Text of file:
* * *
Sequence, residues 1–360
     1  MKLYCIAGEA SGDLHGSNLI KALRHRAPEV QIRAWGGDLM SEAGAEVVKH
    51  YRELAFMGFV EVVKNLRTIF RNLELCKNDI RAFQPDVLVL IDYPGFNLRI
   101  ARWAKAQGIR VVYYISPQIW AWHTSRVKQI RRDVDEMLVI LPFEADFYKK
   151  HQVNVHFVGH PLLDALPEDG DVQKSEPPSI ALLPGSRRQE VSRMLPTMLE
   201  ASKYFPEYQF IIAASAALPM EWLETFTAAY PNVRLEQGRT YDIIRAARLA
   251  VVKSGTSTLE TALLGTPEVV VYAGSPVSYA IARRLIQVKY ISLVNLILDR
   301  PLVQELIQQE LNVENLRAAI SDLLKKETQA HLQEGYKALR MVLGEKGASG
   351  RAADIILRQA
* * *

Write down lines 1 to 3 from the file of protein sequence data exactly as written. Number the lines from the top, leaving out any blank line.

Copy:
Sequence, residues 1–360
     1  MKLYCIAGEA SGDLHGSNLI KALRHRAPEV QIRAWGGDLM SEAGAEVVKH
    51  YRELAFMGFV EVVKNLRTIF RNLELCKNDI RAFQPDVLVL IDYPGFNLRI